Drop in misconduct allegations against Bedfordshire police latest figures reveal
and live on Freeview channel 276
More than four in five allegations made against Bedfordshire Police officers last year resulted in no misconduct action, new figures show.
Home Office figures show 862 misconduct allegations were made against Bedfordshire Police officers and handled under the formal complaints process in the year to March 2023 – down from 1,073 the year before.
Of these, 856 were either not investigated, or investigated not subject to special procedures, with 719 (84%) resulting in no further action.
None of the allegations led to misconduct proceedings, while 14 were withdrawn.
The figures cover the total number of allegations rather than the number of complaints – one complaint could contain several allegations of misconduct. They do not cover any complaints handled outside the formal process, where it was felt a detailed inquiry was not needed.
In a statement, Bedfordshire Police said: “The public rightly expect the highest levels of integrity from policing and the vast majority of our officers and staff go the extra mile every day to keep the public safe."However, there are some cases that undermine that effort and erode trust and confidence, which is why we are working relentlessly to identify and root out anyone who betrays those expectations."Every complaint is reviewed by our tri-force Professional Standards Department to assess whether conduct falls below the expected standards of behaviour and whether it requires further conduct or criminal investigation. This is alongside our own internal processes and reviews. That approach has resulted in 13 officers being dismissed (or would have been if they had not already resigned) for gross misconduct since the start of 2023.The force added: “We have invested heavily in improving our culture, and encourage our workforce to call out concerns about colleagues at an early stage, particularly in relation to any form of violence against women and girls, which remains a key focus for us to tackle.”
Across England and Wales, the proportion of allegations not seeing further action remained unchanged from the year before at 89%.
There were 86,160 complaint allegations involving police officers in the country last year – fewer than 87,768 the year before.
Oliver Feeley-Sprague, Amnesty International UK’s military, security and police programme director, said: “Police accountability cannot function in a system where the police are largely responsible for investigating themselves.
“Given growing concerns over police conduct, particularly with over-policing of marginalised communities, we need to ensure there is better independent oversight where complaints are thoroughly investigated, people need to have confidence that misconduct is taken seriously, and that police officers don’t operate in a climate of near impunity.”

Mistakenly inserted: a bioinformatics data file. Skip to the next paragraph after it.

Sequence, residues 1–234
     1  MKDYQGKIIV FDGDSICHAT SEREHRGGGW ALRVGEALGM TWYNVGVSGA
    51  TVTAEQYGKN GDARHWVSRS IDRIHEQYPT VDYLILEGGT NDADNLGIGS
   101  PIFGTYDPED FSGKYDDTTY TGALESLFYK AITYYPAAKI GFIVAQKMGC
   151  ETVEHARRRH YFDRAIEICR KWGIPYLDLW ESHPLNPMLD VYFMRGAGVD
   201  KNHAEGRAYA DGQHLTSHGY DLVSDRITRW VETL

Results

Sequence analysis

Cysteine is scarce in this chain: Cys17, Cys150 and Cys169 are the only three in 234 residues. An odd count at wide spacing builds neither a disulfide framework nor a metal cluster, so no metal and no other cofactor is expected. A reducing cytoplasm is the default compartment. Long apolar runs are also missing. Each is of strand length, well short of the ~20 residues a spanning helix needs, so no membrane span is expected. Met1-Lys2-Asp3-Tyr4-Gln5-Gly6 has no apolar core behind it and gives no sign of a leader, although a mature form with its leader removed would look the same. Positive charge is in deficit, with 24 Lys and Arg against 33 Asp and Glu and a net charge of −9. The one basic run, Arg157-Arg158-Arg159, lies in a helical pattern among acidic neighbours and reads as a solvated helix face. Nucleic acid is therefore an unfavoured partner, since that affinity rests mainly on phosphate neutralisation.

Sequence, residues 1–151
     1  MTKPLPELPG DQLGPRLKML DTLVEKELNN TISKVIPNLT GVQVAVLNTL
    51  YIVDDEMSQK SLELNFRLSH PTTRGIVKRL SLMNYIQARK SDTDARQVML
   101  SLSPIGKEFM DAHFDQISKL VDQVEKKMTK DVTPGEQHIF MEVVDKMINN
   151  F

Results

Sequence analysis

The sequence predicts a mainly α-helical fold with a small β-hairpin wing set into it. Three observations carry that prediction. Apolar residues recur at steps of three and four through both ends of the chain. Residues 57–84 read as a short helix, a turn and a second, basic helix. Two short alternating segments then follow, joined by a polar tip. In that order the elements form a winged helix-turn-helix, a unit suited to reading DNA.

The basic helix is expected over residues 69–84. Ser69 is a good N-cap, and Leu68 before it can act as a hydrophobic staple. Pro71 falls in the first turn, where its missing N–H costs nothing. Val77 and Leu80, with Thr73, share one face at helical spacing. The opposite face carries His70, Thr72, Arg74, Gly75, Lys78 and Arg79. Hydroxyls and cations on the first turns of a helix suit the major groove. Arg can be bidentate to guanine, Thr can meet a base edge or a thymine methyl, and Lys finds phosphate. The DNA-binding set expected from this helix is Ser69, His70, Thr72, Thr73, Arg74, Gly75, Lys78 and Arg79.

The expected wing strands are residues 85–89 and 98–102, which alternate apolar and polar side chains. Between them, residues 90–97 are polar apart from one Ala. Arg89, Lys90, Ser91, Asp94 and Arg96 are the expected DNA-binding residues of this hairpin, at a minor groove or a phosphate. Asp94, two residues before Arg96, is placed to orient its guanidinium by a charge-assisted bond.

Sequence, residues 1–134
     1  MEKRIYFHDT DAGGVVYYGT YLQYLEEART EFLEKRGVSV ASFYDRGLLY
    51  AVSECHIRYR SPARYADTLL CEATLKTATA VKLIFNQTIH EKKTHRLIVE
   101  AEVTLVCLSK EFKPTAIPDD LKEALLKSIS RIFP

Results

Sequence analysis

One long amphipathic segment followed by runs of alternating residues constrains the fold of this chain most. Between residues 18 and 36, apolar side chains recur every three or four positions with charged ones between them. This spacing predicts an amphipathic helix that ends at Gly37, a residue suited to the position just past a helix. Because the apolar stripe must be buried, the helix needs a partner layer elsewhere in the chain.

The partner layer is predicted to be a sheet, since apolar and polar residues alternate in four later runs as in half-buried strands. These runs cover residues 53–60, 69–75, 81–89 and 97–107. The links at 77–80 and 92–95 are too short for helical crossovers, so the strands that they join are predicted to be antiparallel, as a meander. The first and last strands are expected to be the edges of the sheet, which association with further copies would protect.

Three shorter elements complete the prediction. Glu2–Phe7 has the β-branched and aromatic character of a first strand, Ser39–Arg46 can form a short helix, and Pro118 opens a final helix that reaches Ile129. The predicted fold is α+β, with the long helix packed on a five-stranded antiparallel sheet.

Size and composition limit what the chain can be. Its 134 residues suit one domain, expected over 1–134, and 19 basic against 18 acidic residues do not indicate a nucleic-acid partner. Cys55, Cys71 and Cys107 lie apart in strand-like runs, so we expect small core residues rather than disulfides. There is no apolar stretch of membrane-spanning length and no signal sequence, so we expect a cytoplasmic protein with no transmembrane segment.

Nationally, there was a 33% rise in the number of “recordable conduct matter” allegations, from 1,802 in 2021-22 to 2,402 last year. These are complaints where it is alleged a police officer's conduct resulted in a death or serious injury.
Emmanuelle Andrews, policy and campaigns manager at Liberty, said: “It’s really concerning to see such a high number of allegations of misconduct against the police, and that so many of them have no action taken.
“We all deserve to be treated fairly and with respect, but unfortunately we know that sexism, racism and violence run through British policing.”
The figures show 28 “recordable conduct matter” allegations were made against Bedfordshire Police officers, with 13 referred to misconduct proceedings, while no action was required in seven of them.
Ms Andrews added: “Particularly worrying is the high number of alleged incidents which involve police conduct resulting in death or serious injury. Too many people in our communities are being harmed or killed by the police, with victims and their families having to spend years battling for justice.”
There were 5,363 allegations of “conduct matter” made against police forces nationally, 68 of which were in Bedfordshire. These are allegations indicating an officer may have committed a criminal offence or behaved in a way that would justify disciplinary proceedings.
The Independent Office for Police Conduct, which investigates the most serious police misconduct allegations, said not all complaints relate to alleged misconduct, but could simply be an expression of dissatisfaction, with no further action required.
A spokesperson said: “Changes to the complaints system, which included widening the definition of a complaint, have had the expected result of increasing the number of complaints recorded by force in recent years.
“The law also recognises that many complaints will not require a lengthy investigation and a range of options, such as organisational or individual learning, as well providing an explanation or apology, are available to resolve these.
“We continue to work with professional standards departments to help improve initial complaint handling, which will benefit both the police and the public.
“Complainants have a right of review into the handling of their complaint, which in the most serious cases would come to us. This ensures there is oversight of the system, and allows us to identify and address trends and themes in complaints handling where necessary.”